To state a claim for relief under 42 U.S.C. § 1983, a plaintiff must allege that: 1) he was deprived of a right secured by the Constitution or laws of the United States and 2) the deprivation was visited upon him by a person or persons acting under color of state law. Buchanan-Moore v. County of Milwaukee, 570 F.3d 824, 827 (7th Cir. 2009) (citing Kramer v. Village of North Fond du Lac, 384 F.3d 856, 861 (7th Cir. 2004)); see also Gomez v. Toledo, 446 U.S. 635, 640 (1980). The court is obliged to give the plaintiff’s pro se allegations, “however inartfully pleaded, ” a liberal construction. See Erickson v. Pardus, 551 U.S. 89, 94 (2007) (quoting Estelle v. Gamble, 429 U.S. 97, 106 (1976)).

         Complaint Allegations

         Plaintiff alleges that in about June 2015, the dentist at WCI, Dr. Schettle, told plaintiff he had to remove gum tissue that was too high over plaintiff’s lower teeth. Dr. Schettle then “open my mouth and began to grind away at my gums without any Novocain.” (Dkt. No. 1-1 at 1.) Dr. Schettle’s assistant asked, “What are you doing? He hasn’t been numbed.” Id. Dr. Schettle responded that plaintiff would be “fine, ” and continued. Id. The procedure caused plaintiff great pain.

         In unrelated allegations, plaintiff alleges that defendant Nurse Nancy Garcia failed to properly treat him for his serious testicle pain. She only orders higher doses of medication, which does not give plaintiff relief. In addition, plaintiff was not given a private cell so that he could apply warm compresses to the area, which did help. Plaintiff alleges that the members of the WCI’s Special Needs Committee, consisting of defendants Ann Scarpita, Nicole Kamphuis, Paul Ludvigson, Tonia Moon, Shane Waller, and Donna Laron, are responsible for not giving plaintiff a private cell so that he could treat his testicle pain.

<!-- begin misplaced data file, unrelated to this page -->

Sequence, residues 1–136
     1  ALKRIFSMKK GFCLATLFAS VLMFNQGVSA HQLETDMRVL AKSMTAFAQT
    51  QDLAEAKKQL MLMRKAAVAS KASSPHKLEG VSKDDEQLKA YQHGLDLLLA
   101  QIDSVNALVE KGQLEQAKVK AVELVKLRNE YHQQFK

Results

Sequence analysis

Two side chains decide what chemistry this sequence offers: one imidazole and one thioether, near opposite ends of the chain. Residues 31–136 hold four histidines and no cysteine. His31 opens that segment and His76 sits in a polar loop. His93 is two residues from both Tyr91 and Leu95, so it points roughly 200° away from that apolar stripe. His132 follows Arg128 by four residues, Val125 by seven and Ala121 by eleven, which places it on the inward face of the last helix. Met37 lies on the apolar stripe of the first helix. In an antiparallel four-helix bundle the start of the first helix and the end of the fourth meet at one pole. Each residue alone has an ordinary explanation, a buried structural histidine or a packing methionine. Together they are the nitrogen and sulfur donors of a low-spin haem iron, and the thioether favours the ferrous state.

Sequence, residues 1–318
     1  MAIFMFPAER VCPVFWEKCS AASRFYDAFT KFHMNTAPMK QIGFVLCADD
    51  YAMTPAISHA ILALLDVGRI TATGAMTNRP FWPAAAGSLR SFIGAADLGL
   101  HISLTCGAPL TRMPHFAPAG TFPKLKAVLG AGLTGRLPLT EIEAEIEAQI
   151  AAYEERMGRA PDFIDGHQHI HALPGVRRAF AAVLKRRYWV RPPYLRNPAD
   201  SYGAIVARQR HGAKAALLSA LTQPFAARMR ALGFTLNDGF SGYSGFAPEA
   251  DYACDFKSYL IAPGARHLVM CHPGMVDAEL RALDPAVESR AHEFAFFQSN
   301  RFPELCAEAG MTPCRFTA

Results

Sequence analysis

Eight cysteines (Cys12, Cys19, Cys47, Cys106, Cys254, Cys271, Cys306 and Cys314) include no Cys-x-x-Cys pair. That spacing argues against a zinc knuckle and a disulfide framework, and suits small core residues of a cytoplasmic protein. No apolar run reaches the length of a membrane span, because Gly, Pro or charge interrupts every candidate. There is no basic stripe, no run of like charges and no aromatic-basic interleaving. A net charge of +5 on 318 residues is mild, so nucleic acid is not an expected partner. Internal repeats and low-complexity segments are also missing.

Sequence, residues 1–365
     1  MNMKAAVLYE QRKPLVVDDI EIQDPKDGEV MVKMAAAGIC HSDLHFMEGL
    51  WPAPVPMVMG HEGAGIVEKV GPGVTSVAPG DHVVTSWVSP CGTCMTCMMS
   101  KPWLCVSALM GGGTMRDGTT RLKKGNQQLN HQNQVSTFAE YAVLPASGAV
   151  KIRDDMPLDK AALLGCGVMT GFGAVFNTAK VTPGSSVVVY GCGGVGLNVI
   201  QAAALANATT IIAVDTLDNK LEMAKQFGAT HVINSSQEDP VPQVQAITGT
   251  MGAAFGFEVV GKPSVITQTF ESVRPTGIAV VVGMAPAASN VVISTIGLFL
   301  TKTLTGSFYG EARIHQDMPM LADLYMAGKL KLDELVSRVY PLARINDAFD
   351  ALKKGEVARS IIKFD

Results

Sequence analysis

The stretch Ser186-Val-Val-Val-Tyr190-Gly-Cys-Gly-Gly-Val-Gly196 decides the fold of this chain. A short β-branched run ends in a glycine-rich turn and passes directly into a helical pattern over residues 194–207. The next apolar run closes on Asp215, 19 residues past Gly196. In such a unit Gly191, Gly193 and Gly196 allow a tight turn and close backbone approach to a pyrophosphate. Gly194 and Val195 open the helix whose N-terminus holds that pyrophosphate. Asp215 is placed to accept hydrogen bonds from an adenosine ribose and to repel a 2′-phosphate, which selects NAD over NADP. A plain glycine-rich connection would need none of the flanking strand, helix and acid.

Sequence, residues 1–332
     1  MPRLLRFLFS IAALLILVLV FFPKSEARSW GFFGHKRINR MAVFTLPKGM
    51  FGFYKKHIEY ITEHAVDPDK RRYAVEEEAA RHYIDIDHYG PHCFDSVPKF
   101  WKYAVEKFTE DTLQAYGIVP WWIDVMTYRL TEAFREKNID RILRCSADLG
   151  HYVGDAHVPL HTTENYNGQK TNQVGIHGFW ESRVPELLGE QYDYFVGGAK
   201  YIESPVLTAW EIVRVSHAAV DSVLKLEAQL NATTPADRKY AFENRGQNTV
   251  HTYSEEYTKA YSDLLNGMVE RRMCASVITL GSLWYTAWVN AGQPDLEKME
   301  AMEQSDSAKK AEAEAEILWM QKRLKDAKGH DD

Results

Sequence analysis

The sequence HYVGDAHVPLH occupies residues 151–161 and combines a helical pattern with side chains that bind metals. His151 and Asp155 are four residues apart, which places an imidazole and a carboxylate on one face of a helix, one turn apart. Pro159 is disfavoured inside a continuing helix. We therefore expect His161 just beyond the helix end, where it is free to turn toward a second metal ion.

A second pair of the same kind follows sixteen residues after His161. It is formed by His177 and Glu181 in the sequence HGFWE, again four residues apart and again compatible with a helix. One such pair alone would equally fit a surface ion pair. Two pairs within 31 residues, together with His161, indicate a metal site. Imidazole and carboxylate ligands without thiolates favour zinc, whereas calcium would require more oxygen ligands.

In what appears to be a related claim, plaintiff alleges that he has a bad back and requires a lower bunk bed. Defendants will not give him a lower bunk bed restriction. He has trouble getting into and out of the upper bunk, and he has fallen several times.

         Plaintiff seeks injunctive relief and monetary damages.

         Discussion

         Based on the court’s reading of the complaint, it appears that plaintiff is attempting to improperly bring unrelated claims in a single case. Under the controlling principle of Federal Rule of Civil Procedure 18(a), “[u]nrelated claims against different defendants belong in different suits” so as to prevent prisoners from dodging the fee payment or three strikes provisions in the Prison Litigation Reform Act. George v. Smith, 507 F.3d 605, 607 (7th Cir. 2007). “A party asserting a claim, counterclaim, crossclaim, or third-party claim may join, as independent or alternate claims, as many claims as it has against an opposing party.” Fed.R.Civ.P. 18(a). Under this rule, “multiple claims against a single party are fine, but Claim A against Defendant 1 should not be joined with unrelated Claim B against Defendant 2.” George, 507 F.3d at 607. Moreover, joinder of multiple defendants into one action is proper only if “any right to relief is asserted against them ...